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Don’t tire your references out Just the way you wouldn’t want to overstay your welcome in someone else’s home or annoy a friend by calling in too many favors, you also don’t want to overwhelm your references with repeated requests.
Giammatteo suggests using the same reference no more than three times.
To let a requester down lightly, you could tell him that you don’t think you’re suited to speak to his skill set.
Or you might outright admit that you weren’t happy with his performance, but frame it as not wanting to hurt his chances of landing the position.“Of course, being this honest might cost you a relationship with this person, but it’s still the best way to handle it,” Giammatteo says.3.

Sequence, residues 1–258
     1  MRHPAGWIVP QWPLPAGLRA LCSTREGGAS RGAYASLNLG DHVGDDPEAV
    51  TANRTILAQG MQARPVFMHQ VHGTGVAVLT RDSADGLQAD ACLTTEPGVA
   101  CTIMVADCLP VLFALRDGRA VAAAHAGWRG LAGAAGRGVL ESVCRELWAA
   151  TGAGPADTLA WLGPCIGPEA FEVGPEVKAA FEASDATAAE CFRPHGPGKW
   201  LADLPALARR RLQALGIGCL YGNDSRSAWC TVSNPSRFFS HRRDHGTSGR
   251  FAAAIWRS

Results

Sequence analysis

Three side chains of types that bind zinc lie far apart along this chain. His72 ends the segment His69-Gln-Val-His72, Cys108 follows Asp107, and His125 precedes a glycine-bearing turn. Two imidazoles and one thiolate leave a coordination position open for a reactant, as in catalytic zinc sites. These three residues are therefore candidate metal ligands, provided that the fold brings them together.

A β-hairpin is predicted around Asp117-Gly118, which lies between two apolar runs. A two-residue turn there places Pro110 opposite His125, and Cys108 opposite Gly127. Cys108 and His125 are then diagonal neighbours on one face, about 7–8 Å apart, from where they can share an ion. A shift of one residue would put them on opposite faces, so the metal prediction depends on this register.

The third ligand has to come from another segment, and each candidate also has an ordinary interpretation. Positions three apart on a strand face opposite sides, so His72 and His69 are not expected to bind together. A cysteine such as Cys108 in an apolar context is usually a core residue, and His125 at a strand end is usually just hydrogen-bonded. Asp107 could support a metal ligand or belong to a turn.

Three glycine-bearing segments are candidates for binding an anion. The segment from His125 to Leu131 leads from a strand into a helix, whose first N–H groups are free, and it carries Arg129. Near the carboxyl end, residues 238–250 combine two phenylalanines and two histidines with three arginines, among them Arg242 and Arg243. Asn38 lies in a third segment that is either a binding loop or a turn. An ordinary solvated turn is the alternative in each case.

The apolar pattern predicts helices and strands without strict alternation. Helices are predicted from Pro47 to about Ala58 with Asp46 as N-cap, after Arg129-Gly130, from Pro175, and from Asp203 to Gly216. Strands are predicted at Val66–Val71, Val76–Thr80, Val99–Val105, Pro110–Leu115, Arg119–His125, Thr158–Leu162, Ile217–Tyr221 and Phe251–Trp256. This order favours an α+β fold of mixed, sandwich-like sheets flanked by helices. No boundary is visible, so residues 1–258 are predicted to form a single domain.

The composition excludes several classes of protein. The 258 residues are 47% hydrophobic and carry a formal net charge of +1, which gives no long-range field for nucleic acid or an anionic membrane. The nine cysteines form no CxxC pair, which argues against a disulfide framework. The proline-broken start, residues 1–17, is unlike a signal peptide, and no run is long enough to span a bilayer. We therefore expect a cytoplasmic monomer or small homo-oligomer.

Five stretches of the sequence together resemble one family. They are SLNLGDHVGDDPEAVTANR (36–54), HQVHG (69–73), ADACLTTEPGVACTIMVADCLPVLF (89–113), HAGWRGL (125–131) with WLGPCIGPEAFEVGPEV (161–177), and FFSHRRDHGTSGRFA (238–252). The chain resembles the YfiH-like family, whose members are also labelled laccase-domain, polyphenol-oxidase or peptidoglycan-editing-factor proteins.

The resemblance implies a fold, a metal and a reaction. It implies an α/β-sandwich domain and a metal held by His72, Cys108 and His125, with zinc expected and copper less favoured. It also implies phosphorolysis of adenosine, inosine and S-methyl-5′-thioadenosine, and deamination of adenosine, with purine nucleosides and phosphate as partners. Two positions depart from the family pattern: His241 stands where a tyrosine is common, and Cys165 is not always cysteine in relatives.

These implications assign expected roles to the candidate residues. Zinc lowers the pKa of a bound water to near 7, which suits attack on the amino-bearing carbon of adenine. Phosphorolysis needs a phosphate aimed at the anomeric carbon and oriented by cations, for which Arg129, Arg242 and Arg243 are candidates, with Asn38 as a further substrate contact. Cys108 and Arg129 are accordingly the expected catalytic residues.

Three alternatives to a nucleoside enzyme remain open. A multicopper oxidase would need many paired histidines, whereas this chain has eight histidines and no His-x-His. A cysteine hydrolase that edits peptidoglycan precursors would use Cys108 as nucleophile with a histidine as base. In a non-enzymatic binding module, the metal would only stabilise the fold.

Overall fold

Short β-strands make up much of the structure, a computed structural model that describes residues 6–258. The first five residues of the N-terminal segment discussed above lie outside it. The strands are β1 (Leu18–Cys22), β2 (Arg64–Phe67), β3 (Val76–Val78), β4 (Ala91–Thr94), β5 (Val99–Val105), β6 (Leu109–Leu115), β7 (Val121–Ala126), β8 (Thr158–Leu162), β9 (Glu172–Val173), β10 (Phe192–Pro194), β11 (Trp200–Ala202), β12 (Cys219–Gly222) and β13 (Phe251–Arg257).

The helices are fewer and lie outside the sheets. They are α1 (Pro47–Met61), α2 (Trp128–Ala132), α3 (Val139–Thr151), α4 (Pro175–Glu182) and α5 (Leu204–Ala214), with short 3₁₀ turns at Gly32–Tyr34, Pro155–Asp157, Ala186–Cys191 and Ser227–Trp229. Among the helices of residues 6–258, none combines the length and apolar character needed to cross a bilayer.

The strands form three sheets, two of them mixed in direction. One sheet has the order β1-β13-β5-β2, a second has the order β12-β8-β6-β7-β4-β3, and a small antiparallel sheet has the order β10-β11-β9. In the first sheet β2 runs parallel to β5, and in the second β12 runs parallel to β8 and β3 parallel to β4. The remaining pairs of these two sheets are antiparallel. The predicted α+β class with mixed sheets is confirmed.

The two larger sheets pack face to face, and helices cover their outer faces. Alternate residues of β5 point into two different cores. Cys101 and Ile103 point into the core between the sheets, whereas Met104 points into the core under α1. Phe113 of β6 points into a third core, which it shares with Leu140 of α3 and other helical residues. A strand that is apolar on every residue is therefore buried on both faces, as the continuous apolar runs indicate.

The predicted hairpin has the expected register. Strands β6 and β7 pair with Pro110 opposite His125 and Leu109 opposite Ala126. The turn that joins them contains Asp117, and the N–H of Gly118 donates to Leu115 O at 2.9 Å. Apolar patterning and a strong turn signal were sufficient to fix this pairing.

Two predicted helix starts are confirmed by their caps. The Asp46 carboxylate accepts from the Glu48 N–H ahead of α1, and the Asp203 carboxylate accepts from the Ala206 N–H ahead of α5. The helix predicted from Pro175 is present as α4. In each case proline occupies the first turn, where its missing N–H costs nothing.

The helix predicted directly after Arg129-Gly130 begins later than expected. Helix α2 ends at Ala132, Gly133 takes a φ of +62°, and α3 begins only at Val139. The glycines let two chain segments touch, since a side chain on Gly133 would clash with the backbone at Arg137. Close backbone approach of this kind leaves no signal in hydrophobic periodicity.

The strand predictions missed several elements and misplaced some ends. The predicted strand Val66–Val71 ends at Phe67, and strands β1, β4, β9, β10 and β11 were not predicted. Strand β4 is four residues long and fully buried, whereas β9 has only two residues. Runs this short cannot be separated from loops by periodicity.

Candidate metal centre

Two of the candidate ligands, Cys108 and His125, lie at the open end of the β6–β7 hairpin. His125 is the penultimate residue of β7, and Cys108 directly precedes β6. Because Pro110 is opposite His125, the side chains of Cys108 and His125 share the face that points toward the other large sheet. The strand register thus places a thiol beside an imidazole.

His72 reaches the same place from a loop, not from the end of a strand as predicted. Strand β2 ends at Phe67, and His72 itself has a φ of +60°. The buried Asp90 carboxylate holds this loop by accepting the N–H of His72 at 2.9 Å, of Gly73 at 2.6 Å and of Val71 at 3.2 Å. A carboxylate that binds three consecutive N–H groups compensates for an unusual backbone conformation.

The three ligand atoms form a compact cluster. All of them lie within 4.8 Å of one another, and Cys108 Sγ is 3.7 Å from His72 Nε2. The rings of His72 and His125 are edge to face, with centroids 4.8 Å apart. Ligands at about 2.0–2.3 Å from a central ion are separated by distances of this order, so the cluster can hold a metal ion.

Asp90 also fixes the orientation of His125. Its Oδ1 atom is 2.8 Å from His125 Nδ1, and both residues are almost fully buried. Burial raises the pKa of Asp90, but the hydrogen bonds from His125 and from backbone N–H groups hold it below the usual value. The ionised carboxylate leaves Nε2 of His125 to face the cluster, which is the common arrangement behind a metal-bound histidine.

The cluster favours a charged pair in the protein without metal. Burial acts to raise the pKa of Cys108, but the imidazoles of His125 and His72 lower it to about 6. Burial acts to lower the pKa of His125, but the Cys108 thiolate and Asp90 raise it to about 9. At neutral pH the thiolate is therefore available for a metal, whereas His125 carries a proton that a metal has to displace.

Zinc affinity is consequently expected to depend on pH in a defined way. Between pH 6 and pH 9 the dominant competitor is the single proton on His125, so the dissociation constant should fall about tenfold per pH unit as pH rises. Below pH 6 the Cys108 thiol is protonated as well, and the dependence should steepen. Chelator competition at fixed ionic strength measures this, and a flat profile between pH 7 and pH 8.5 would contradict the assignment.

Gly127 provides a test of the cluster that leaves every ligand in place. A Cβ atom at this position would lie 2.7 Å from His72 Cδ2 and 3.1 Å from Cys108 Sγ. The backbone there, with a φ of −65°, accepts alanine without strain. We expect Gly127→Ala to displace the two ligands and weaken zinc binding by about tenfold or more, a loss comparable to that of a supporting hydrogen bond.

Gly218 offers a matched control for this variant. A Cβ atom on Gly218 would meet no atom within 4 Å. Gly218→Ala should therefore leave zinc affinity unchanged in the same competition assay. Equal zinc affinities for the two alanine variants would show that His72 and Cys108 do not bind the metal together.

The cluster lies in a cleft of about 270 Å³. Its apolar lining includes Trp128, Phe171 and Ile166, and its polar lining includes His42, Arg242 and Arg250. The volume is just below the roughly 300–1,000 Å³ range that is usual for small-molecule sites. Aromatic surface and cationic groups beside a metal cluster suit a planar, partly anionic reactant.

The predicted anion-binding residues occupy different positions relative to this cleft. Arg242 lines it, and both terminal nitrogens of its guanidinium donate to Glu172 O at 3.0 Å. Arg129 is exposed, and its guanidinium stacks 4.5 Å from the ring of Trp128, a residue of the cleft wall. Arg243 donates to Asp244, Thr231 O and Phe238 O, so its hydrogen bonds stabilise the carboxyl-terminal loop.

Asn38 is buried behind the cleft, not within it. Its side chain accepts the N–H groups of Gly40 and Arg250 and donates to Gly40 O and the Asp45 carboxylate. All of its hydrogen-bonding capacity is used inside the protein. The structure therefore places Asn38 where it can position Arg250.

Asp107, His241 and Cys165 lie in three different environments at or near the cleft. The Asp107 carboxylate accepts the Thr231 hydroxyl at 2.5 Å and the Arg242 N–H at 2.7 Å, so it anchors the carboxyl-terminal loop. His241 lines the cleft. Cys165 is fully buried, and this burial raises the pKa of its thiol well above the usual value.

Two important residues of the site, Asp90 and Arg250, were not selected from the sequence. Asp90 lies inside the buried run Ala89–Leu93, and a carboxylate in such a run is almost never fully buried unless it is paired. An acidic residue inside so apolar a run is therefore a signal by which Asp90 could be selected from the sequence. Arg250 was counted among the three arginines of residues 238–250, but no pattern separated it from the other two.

If the answer is no, be honest why If what’s giving you pause to a reference request isn’t corporate policy but your colleague’s less-than-stellar work, then you might want to stick with some timeless guidance Carvajal abides by.“I’m in the ‘follow Mom’s advice’ camp.
Don’t be afraid to lead the conversation with the hiring manager While it may seem natural to wait to answer a question about a candidate, that approach may not convey the enthusiasm you have for your former coworker.“Feel free to ask the hiring manager questions about what, exactly, the job duties entail, and what his take is on the candidate’s fit for the position,” Giammatteo says.
Then feel free to jump right in with detailed examples and anecdotes from your days together.
“It’s a time commitment, and you don’t want to disrespect your former coworker’s time by putting that person in a position where that colleague resents talking about your skill set,” he says.
“You’re probably not the only one using them as a reference.”Related: The Perks (And Pitfalls) Of Job Hopping4.